Also referred to as the Three Act Structure, or the Beginning, Middle, and End, the Narrative Structure is very important. You Beginning (Act One), is your Setup: it introduces the main characters, their backgrounds and their current situations. It also presents the initial problem of the novel, the main focus of your plot, whatever it is your characters have to face or overcome. Many people make the mistake of making this section very long, going into extensive detail about character background, and dropping in mountains of exposition. The best tip I can give you is to HOLD BACK as much information as possible. Allude to it, whet the reader’s appetite, make them want to know, but don’t actually TELL until as late in the novel as you can manage. This will pull them through your narrative. You should also make sure you don’t present all the mysteries to which they will want the answer at the start. Scatter them throughout so that by the time you are ready to reveal the answer to the first, they are already desperate to find out the answer to the second, third and fourth. In this way, you can propel your reader into the main body of your novel, Act Two, the dreaded Middle.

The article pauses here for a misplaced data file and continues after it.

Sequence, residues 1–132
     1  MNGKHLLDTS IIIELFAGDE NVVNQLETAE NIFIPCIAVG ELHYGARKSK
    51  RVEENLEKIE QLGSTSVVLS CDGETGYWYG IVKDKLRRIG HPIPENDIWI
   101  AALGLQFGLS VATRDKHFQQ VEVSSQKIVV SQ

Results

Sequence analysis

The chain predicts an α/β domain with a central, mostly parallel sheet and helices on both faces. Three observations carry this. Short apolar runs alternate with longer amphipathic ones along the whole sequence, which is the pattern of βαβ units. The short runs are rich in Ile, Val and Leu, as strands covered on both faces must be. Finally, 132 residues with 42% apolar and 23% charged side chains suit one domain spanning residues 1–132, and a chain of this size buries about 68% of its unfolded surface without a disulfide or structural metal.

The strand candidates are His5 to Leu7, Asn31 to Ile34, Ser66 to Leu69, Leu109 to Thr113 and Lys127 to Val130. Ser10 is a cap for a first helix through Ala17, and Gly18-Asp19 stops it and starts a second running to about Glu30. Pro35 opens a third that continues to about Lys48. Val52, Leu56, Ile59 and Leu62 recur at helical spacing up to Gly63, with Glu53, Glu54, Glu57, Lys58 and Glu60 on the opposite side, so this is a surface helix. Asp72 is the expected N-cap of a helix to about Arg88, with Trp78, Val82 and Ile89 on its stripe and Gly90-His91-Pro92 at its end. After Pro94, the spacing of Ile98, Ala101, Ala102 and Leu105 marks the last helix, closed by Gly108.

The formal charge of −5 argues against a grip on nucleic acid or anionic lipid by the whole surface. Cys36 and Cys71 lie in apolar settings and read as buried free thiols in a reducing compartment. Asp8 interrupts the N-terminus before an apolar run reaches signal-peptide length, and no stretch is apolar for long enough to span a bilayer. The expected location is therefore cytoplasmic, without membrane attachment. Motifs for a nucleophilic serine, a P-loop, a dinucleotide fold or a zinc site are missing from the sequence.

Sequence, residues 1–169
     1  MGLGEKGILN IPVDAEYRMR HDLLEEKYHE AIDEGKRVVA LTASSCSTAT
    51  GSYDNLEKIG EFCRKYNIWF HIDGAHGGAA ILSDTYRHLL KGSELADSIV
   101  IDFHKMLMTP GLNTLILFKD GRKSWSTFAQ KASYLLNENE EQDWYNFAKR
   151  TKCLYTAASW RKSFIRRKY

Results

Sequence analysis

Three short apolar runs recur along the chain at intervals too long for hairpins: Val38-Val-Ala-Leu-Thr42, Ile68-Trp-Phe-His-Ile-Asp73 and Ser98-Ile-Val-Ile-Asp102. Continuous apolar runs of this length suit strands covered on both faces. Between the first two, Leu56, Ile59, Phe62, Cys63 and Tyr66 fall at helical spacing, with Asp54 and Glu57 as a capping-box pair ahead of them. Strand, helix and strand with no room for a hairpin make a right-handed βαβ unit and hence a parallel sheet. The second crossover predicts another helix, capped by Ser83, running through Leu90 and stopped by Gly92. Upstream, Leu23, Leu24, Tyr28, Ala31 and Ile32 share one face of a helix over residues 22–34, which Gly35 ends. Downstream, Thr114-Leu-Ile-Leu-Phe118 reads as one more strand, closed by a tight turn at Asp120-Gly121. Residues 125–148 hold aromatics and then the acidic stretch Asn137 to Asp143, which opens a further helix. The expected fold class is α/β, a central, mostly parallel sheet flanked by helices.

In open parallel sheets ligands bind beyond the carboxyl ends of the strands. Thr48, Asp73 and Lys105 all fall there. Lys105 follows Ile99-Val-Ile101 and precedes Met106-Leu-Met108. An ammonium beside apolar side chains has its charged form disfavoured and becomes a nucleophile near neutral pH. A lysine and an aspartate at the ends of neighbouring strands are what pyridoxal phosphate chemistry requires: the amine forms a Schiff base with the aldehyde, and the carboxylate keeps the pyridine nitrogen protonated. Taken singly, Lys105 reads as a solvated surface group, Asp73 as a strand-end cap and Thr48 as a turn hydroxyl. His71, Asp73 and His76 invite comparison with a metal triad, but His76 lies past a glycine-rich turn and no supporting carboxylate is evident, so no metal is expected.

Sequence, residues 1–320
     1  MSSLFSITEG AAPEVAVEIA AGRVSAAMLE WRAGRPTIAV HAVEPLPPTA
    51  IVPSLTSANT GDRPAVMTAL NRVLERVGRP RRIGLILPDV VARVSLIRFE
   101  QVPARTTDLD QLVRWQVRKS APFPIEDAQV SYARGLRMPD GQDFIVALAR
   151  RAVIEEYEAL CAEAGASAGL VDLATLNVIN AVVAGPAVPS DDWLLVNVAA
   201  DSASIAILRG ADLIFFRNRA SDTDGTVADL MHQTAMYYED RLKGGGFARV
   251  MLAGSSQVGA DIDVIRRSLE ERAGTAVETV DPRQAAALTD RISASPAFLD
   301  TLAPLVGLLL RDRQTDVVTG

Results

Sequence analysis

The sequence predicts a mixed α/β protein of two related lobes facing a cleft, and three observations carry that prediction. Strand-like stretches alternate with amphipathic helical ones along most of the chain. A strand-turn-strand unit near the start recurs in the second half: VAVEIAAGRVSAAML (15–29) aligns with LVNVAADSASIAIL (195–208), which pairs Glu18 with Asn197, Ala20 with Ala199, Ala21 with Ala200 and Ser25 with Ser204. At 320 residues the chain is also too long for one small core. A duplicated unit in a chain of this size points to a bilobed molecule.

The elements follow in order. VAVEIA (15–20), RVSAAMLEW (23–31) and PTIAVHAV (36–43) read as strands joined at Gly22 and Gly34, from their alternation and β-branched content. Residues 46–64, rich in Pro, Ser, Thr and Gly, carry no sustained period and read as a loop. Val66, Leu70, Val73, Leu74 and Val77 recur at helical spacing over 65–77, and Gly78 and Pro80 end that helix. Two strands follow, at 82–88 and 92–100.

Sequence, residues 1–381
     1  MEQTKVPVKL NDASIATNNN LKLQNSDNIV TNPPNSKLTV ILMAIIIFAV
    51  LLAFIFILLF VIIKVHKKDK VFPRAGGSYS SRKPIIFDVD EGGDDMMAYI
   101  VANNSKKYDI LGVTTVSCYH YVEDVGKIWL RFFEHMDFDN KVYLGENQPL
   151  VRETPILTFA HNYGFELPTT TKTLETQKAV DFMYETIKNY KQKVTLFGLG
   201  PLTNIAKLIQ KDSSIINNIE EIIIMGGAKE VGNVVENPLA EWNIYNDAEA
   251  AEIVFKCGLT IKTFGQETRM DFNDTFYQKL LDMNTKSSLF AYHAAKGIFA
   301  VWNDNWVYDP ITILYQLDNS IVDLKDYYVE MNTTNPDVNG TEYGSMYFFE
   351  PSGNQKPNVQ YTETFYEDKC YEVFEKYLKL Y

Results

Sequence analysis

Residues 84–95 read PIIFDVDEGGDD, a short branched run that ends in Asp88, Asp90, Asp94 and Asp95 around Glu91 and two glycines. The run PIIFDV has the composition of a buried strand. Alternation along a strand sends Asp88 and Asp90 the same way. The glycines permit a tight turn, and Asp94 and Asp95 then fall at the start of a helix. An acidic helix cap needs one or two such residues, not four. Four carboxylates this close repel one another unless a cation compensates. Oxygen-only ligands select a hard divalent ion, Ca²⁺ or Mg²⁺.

I say dreaded, because the middle of any novel can drag. A lot has to happen in order for the plot to unfold and if you’re not careful to keep up a good level of action, suspense, and tension, the reader will simply grow bored and never get to the all important ending. The middle is where you give all those answers to all those questions setup at the beginning. It is where you really get to know your characters, and where you see them struggling to overcome the main problems of the novel. For this reason, it is known as the Conflict section of the Narrative Structure. As the name suggests it should be filled with scenes that pit characters against each other, or against their environment. Note that conflict does not necessarily mean physical altercation. Stephen King’s The Shining is a classic example of a novel jam packed with conflict. The physical altercations however, which take place as Jack is possessed by the Overlook, are not the main conflicts in the novel; it is Jack’s conflicted nature that forms the core of the plot. His battle with alcoholism and his own violent nature, as well as his wife’s uncertainty as to whether she should leave him and their son’s conviction that he should keep his powers secret for the sake of the family. Conflict of this nature is almost always more compelling than physical conflict, and even where physical conflict is a prominent part of a plot, you will often find there are other, emotional conflicts, running beneath the surface. This is how you build a strong Middle, fill it with as much conflict as you reasonably can. Avoid long, drawn out scenes where nothing much is happening, and rambling dialogue that may well be realistic and relevant and perhaps even funny, but does nothing to move the plot along. The Middle is all about movement. Keep it moving. The faster it moves, the harder it is for readers to put it down.